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Sign in with Apple bug discovery earns developer $100,000

Details of a now-patched vulnerability in the "Sign in with Apple" account authentication have been revealed, a zero-day that could have allowed an attacker to take control of a user's account.

Launched in 2019, "Sign in with Apple" is intended to be a more privacy-focused alternative to website and app log-in systems powered by Facebook and Google accounts. By minimizing the amount of a user's data that is used for authentication and account creation, the API also helped reduce the amount of tracking Facebook and Google performed on users, in turn making it more private.

Disclosed on Saturday by security-focused developer Bhavuk Jain, a zero-day vulnerability in Sign in with Apple had the potential to let an attacker gain access to, and fully take over, a user's account on a third-party application. According to Jain, the bug would have enabled a change in control of the application's user account, regardless of whether the user had a valid Apple ID or not.

The way Sign in with Apple functions is that it relies on either a JSON Web Token (JWT) or a code generated by Apple's servers, with the latter used to generate a JWT if it doesn't exist. While authorizing, Apple provides users with options to either share or hide their Apple Email ID with the third-party app, with a user-specific Apple relay email ID created for the latter selection.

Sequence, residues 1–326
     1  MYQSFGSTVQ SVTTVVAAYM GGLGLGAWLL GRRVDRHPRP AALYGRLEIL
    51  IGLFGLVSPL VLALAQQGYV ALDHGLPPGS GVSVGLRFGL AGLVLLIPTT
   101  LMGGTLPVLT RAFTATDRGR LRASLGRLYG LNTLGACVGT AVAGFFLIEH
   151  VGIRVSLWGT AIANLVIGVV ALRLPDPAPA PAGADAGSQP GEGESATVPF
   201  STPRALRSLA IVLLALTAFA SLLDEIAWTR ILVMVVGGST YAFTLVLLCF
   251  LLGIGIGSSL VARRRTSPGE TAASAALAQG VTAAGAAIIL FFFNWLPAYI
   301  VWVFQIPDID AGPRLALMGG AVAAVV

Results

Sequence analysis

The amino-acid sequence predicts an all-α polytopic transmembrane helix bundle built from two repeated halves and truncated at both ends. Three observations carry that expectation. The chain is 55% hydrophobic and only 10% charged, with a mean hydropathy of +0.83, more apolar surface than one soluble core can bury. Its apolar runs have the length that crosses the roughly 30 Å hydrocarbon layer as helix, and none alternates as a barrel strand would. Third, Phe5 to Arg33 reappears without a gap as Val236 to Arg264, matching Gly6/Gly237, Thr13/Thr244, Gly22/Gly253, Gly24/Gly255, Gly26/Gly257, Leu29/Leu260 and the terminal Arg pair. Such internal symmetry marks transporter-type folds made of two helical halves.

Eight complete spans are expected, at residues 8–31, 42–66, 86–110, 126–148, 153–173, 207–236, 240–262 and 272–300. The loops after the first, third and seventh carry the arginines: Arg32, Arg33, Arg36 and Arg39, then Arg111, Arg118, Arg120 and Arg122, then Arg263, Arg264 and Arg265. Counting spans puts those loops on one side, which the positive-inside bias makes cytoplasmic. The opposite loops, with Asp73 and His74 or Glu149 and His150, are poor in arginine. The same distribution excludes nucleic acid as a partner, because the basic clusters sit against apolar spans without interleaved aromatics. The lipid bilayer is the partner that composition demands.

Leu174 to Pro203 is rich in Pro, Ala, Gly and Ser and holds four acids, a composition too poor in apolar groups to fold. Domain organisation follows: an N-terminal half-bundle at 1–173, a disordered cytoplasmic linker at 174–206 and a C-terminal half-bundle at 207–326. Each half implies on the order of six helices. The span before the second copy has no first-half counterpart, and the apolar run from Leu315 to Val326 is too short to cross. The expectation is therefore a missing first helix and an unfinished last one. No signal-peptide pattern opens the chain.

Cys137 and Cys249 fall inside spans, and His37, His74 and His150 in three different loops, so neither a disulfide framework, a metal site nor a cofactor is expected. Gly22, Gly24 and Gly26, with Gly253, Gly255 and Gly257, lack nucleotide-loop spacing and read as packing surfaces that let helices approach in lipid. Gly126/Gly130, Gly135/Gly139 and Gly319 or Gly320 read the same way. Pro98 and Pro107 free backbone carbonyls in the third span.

After a successful authorization, Apple produces a JWT, which contains the email ID, and is used by the third-party application to log the user in.

Jain discovered in April it was possible to request a JWT for any email ID, and when the signature of the token is verified using Apple's public key, they are deemed to be valid. In effect, an attacker could create a JWT through this process, and gain access to the victim's account.

As Apple mandates the inclusion of Sign in with Apple in apps with other social-based login systems, the attack had a very broad base of apps that it was theoretically effective against. An investigation by Apple's security team determined the vulnerability has not been used in any attacks.

Jain responsibly disclosed the flaw to Apple, which led to an award from Apple's bug bounty program worth $100,000. Apple has since patched the vulnerability, but it isn't clear exactly how yet.